Wednesday, August 06, 2003

My thoughts on Ahmed Zaoui

Isn’t life interesting in little old New Zealand? One minute you think you live in a free country where the authorities never do anything dodgy and the next you're looking at the case of Ahmed Zaoui and wondering if Helen Clark has been itching to try on a pair of jackboots all this time.

The other parties in parliament, with the exception of the Greens, are of course trying to out do each other to see who can be the most wrong-headed over all this. Winston Peters’ thoughts on the matter were typically disgusting. To be fair though, his confusion about the difference between being guilty of terrorism and merely being suspected of terrorism could all be due to the effects of a late night on Courtenay Place.

National's Foreign Affairs spokesman Dr Wayne Mapp has accused the government of wasting money on legal aid on Mr Zaoui and has suggested that we may need to change the law regarding whether "suspect refugees" (an odious phrase if ever there was one) can appeal a finding against them.

I think Dr Mapp is really on to something here. Refusing refugees the right of appeal would save the taxpayer piles of money and as our Government and justice system are completely infallible, these appeals are an outrageous and unnecessary drain on the public purse. Well done Dr Mapp!

Sarcasm aside, the idea of cutting legal aid and the right of appeal seems to be a popular one with the "right wing, hang ‘em high brigade" but in effect what they are advocating is not cutting dollars but cutting justice.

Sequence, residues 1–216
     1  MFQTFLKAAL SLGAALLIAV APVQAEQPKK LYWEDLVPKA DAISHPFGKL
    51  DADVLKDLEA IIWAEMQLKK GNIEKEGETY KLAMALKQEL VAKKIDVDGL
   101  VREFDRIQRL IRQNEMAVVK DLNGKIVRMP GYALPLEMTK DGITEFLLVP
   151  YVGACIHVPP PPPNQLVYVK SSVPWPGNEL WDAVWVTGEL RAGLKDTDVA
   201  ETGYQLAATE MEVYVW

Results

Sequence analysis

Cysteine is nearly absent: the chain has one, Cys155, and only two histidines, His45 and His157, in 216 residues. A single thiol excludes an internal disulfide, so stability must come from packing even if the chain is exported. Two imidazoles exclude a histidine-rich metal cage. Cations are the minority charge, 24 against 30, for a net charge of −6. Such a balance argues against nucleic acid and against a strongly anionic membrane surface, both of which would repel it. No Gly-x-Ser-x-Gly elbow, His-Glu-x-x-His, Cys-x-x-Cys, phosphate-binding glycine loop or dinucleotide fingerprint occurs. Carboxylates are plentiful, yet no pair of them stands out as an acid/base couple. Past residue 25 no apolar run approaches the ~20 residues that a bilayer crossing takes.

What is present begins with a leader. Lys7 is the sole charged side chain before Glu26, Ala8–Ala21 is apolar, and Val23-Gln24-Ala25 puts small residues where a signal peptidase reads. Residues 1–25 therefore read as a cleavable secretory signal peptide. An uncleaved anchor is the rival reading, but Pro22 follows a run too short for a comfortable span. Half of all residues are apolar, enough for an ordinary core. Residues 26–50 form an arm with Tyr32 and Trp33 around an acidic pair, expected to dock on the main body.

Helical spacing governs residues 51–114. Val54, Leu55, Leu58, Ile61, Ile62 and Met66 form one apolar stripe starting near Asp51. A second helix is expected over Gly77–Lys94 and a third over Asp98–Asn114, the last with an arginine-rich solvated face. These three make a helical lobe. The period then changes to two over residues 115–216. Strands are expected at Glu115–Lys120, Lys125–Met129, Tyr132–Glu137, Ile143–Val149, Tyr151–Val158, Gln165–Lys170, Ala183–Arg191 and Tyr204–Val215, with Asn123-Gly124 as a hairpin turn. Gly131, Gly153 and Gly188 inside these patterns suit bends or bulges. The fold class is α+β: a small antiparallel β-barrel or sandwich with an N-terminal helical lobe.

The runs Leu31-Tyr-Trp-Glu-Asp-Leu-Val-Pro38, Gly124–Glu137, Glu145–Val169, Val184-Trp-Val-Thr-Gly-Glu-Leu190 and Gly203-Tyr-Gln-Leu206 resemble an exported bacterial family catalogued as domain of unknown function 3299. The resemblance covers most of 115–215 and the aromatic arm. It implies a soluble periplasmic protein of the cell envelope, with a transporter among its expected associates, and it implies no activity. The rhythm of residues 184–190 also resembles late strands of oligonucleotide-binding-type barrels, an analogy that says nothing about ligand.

Never one to quit while he was ahead, Dr Mapp, while making some valid points on the structure of the appeals process in his press release, goes on to suggest that

"The Government can't expect New Zealanders to accept that it is sensible in such circumstances to spend so much money on helping a person who is not even a New Zealand resident."

Call me naive but I believe that a person deserves a fair trial as a basic human right regardless of whether they happen to have a NZ passport and the money for a shit hot lawyer or not. I don’t particularly want to live in a country where guilt or innocence is decided by the depth of ones pockets. If this costs taxpayers money… well tough shit… its worth remembering that although today its some refugee or criminal receiving legal, tomorrow it could just as easily be you or I. Justice is not something you can just cut corners on.

Getting back to Zaoui. The man deserves a fair trial and this includes the right to know what you are accused of, who your accusors are and for this to be made public. From time to time there may be cases where this information can’t be made public, but the reasons have to be spectacularly good and even then the decision has to be justified. This has not happened here.